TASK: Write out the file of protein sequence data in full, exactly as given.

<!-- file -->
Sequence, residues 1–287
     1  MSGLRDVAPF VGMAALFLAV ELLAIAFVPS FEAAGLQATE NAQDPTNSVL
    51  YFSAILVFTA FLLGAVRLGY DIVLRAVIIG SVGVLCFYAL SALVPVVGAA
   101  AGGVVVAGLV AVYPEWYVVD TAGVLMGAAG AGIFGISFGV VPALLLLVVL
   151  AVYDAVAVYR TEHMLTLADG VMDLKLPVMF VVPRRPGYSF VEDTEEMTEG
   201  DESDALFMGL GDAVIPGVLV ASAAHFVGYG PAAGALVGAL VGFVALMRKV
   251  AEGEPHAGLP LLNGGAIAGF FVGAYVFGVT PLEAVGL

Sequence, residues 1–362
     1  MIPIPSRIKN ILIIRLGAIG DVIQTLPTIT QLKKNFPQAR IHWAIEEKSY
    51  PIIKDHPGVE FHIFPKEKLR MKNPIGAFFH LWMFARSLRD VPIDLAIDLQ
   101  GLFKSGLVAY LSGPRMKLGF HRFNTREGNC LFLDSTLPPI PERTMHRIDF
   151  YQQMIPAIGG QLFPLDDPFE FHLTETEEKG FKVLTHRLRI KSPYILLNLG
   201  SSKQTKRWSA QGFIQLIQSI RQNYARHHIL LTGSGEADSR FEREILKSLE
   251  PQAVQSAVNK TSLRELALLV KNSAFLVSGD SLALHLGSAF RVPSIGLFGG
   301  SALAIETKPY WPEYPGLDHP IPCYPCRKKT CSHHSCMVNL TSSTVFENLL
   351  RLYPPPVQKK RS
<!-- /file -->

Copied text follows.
Sequence, residues 1–287
     1  MSGLRDVAPF VGMAALFLAV ELLAIAFVPS FEAAGLQATE NAQDPTNSVL
    51  YFSAILVFTA FLLGAVRLGY DIVLRAVIIG SVGVLCFYAL SALVPVVGAA
   101  AGGVVVAGLV AVYPEWYVVD TAGVLMGAAG AGIFGISFGV VPALLLLVVL
   151  AVYDAVAVYR TEHMLTLADG VMDLKLPVMF VVPRRPGYSF VEDTEEMTEG
   201  DESDALFMGL GDAVIPGVLV ASAAHFVGYG PAAGALVGAL VGFVALMRKV
   251  AEGEPHAGLP LLNGGAIAGF FVGAYVFGVT PLEAVGL

Sequence, residues 1–362
     1  MIPIPSRIKN ILIIRLGAIG DVIQTLPTIT QLKKNFPQAR IHWAIEEKSY
    51  PIIKDHPGVE FHIFPKEKLR MKNPIGAFFH LWMFARSLRD VPIDLAIDLQ
   101  GLFKSGLVAY LSGPRMKLGF HRFNTREGNC LFLDSTLPPI PERTMHRIDF
   151  YQQMIPAIGG QLFPLDDPFE FHLTETEEKG FKVLTHRLRI KSPYILLNLG
   201  SSKQTKRWSA QGFIQLIQSI RQNYARHHIL LTGSGEADSR FEREILKSLE
   251  PQAVQSAVNK TSLRELALLV KNSAFLVSGD SLALHLGSAF RVPSIGLFGG
   301  SALAIETKPY WPEYPGLDHP IPCYPCRKKT CSHHSCMVNL TSSTVFENLL
   351  RLYPPPVQKK RS